• A stiff mixed drink may have more than two “servings” of alcohol. A Trader Vic's Hurricane has 4 ounces of 40% rum, more than 3 times the alcohol of the “average” serving.  

Penalties for a Commercial DUI in California 

In addition to any other penalties, (jail, fines, DUI school, etc.), if a driver of a commercial motor vehicle violates 23152(d) and the court notifies the DMV, the DMV must disqualify that driver from driving a commercial motor vehicle for 1 year. If the driver is convicted of a second DUI violation, the DMV will impose a lifetime ban on that driver's right to drive a commercial motor vehicle. 

Defense Strategies for a Commercial DUI in California 

The per se limit for a commercial DUI is half that of a regular DUI (0.04% compared to 0.08%). Even a small error in the chemical test can take away a driver's CDL and hurt their ability to earn a living. The best option to challenge a CDL DUI may be to challenge the chemical breath and blood tests.  

If the police officer performing the chemical tests is not properly following test requirements and protocols, it may result in inaccurate test results. Your East Bay DUI defense lawyer can recover police records, review police footage, and use the officer's testimony to find problems with the testing that could put the reliability of these tests in doubt.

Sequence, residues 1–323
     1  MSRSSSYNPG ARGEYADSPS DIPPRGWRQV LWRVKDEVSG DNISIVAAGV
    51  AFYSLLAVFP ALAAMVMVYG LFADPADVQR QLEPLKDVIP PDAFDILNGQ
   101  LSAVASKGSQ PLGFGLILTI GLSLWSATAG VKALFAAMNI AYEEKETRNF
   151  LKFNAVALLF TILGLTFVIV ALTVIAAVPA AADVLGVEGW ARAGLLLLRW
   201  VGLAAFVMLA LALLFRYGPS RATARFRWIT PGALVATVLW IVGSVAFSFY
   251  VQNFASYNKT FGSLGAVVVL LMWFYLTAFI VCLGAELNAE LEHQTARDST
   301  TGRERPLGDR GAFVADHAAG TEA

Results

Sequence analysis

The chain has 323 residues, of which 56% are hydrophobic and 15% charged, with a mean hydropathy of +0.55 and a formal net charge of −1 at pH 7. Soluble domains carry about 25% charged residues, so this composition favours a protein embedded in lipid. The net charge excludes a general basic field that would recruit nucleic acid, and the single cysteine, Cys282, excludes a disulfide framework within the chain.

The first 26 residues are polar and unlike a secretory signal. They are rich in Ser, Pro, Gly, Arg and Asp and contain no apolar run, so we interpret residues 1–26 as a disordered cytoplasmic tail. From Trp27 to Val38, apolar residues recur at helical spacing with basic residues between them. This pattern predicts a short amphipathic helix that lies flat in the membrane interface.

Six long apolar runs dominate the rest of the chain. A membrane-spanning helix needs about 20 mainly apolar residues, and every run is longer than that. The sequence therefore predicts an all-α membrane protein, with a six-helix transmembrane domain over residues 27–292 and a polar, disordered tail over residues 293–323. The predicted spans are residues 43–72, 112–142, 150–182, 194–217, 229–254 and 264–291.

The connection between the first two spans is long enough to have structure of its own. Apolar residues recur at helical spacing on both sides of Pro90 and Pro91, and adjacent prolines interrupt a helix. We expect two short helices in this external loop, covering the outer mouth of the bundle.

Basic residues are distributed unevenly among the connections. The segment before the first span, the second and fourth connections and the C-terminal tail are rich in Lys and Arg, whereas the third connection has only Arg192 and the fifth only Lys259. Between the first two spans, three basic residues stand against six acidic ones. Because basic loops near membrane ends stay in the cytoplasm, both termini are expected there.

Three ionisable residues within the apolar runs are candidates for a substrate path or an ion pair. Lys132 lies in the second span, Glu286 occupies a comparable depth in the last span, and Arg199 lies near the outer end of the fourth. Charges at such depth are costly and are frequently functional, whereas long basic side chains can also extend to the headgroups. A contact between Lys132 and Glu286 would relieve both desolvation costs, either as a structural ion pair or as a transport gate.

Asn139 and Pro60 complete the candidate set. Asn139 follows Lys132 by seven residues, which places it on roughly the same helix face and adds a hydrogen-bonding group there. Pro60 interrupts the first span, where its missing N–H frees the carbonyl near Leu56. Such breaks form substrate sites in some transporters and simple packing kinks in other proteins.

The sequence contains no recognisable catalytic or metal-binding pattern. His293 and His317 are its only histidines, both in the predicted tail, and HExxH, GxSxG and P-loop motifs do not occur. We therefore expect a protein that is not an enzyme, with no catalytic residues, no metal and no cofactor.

Defense Lawyer for 23152(d) VC Injury DUI Charges in Alameda and Contra Costa Counties

A commercial DUI can harm a commercial driver's career and a 2nd DUI could mean a permanent loss of their Commercial CDL. With so much at stake, it is important to talk to a lawyer who understands the local DUI laws, how police operate, and the reputation of the judge in your case. East Bay attorney Lynn Gorelick has more than 35 years of DUI experience, and understands the consequences of a DUI for California truck and commercial drivers. Contact Alameda County and Contra Costa County DUI lawyer Lynn Gorelick today.